Webber, Amanda D., Oxford Brookes U., Oxford, UK - To aid research on 'Primate Crop Raiding in Uganda: Predicting, Understanding and Mitigating the Risk,' supervised by Dr. Catherine M. Hill
AMANDA D. WEBBER, then a student at Oxford Brookes University, Oxford, United Kingdom, received funding in July 2004 to aid research on 'Primate Crop Raiding in Uganda: Predicting, Understanding, and Mitigating the Risk,' supervised by Dr. Catherine M. Hill. Human-wildlife conflict, in particular crop raiding, is a significant threat to conservation. As wild animals cross between forest and field, they risk injury/death, and subsistence farmers can lose precious crops at times of food insecurity. This issue has implications for the conservation of primates; highly adaptable and frequently protected, species such as chimpanzees can cause considerable damage to crops. This project works with four villages alongside Budongo Forest Reserve, Uganda, to examine actual and perceived loss to primates. Field monitoring revealed that baboons, in particular, were responsible for a significant amount of crop damage. Chimpanzees were tolerated by the majority of farmers; however, this is a volatile situation as local people are being encouraged to convert their land to sugar cane, a crop which is highly vulnerable close to chimpanzee habitat. Interviews, focus groups, and participant observation revealed that although domestic species were found to raid more frequently than baboons, they were not considered to be a threat to livelihoods. This was the result of an implied morality given to baboon feeding and raiding behavior; unpredictable and coordinated raids defined them as 'rebels' and 'bad characters.' In addition, it also represented a perceived lack of control by local people; domestic species are the farmer's responsibility whereas wildlife represents a legacy of 'preservationist' conservation. This research project highlighted key issues that need to be considered in order to develop conflict mitigation strategies that are not only effective but also acceptable to local people.
Webber, A.D, C.M. Hill, and V. Reynolds. 2007 Assessing the Failure of a Community-Based Human-Wildlife Conflict Mitigation Project in Budongo Forest Reserve, Uganda. Oryx 41(2):177-184.
LaHatte, Kristin Margaret, U. of Virginia, Charlottesville, VA - To aid research on ''Don't Hand Your Stomach Over to Just Anyone:' Development Aid and Personal Social Relations in Haiti,' supervised by Dr. Ira Bashkow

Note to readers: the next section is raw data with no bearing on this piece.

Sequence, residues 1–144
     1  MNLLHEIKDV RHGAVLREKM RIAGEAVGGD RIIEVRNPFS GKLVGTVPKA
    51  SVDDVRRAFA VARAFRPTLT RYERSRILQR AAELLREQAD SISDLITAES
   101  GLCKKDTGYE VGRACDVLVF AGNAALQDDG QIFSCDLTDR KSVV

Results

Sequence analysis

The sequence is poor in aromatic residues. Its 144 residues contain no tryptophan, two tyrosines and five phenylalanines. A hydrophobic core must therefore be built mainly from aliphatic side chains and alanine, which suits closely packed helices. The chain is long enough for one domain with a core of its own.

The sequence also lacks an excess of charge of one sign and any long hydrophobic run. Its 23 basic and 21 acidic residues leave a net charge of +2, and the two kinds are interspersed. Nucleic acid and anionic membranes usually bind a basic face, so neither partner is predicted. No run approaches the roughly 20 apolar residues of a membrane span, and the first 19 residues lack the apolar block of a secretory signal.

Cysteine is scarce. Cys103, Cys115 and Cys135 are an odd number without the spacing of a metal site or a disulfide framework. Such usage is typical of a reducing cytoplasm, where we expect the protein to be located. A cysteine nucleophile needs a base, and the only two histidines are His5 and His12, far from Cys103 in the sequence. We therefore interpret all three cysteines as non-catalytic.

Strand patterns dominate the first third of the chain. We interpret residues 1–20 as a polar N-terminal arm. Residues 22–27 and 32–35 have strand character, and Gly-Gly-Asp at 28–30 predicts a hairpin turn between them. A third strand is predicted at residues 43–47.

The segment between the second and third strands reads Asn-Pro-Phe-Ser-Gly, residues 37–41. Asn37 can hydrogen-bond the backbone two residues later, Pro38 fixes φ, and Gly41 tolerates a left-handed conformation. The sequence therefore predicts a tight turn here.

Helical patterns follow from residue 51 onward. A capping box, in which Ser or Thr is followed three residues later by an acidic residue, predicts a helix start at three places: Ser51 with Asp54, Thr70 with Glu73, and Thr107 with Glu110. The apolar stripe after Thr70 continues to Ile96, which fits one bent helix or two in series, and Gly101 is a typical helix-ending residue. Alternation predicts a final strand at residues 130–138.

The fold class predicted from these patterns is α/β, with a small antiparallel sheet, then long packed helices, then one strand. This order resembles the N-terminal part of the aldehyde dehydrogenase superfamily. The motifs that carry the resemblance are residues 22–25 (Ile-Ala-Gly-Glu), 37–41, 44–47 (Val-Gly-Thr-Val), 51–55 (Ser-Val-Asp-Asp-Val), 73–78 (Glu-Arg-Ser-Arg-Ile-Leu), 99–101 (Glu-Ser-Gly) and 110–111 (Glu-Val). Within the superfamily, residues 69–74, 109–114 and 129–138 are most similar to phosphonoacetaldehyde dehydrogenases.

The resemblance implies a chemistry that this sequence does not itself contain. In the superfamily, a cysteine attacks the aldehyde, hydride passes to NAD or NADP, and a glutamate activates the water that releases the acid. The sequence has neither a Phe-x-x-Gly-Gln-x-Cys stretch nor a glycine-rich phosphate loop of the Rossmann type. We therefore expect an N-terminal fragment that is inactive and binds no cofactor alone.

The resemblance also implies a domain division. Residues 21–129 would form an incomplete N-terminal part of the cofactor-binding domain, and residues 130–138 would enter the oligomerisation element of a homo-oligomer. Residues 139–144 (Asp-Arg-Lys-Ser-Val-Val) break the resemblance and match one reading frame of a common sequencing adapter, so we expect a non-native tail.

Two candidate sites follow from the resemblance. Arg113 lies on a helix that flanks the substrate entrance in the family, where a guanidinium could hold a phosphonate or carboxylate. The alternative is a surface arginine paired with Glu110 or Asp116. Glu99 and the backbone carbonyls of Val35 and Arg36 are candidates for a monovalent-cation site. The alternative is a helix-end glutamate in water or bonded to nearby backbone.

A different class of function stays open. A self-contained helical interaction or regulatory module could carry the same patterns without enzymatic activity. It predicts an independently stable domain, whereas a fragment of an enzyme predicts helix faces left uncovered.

KRISTIN LaHATTE, then a graduate student at the University of Virginia, Charlottesville, Virginia, received funding in March 2011 to aid research on ''Don't Hand Your Stomach Over to Just Anyone:' Development Aid and Personal Social Relations in Haiti,' supervised by Dr. Ira Bashkow. Development aid advocates a normative ethos of professionalism that foregrounds equality between providers and recipients while discouraging personal relationships that could lead to accusations of corruption, nepotism, and dependency. These personal relationships are understood to undermine the inculcation of values such as transparency and accountability that are encouraged by development aid providers. And yet, in many of the places that development operates, recipients consider personal relationships-gift exchange, food sharing, and long-term commitments-not only appropriate, but also obligatory. A multi-sited project, this ethnographic research moved between multiple aid sites within the city of Port-au-Prince and the countryside of the Central Plateau to examine the role of personal social relations in the context of aid encounters within Haiti. Continued analysis of the data collected will focus on the articulation of morality and relationality within these contexts to better elucidate the ways in which differential systems of value are negotiated and understood by those who are the recipients of aid.
Basnet, Govinda B., U. of Georgia, Athens, GA - To aid research on 'The Struggle for Water Rights in Contested Commons: Changing Institutional Landscapes in Upper Mustang, Nepal,' supervised by Dr. Robert E. Rhoades
GOVINDA B BASNET, a student at the University of Georgia, Athens, Georgia received funding in July 2005 to aid research on 'The Struggle for Water Rights in Contested Commons: Changing Institutional Landscapes in Upper Mustang, Nepal,' supervised by Dr. Robert E Rhoades. The research aimed at investigating how the struggle for water rights modifies the institutional landscape of agricultural resource management in a water scarce region of upper Mustang in Nepal. By integrating comparative and historical methods the research project investigated the dynamics of struggle for water rights in irrigation systems in six villages of upper Mustang through a fieldwork that lasted from October 2004 through July 2006. The project was designed to investigate the dynamics of struggle both within a village, and between villages sharing and not sharing water sources. The initial result form the field research shows that access to water is linked to impartible inheritance system, labor contribution, and types and growth stages of crop. Ownership claim is validated through exercising political power, narratives of local legends, and resorting to customary or state laws as appropriate. Struggle to be a part of decision making bodies for water management has ushered in changes in social institutions: In this arid region, water served not only as a bone of contention but also as a sticking glue to hold a society together.
Perkins, Alisa Marlene, U. of Texas, Austin, TX - To aid research on 'Making Muslim Space in Arab Detroit: Religious Identity, Gender and the Emergence of Difference,' supervised by Dr. Kamran A. Ali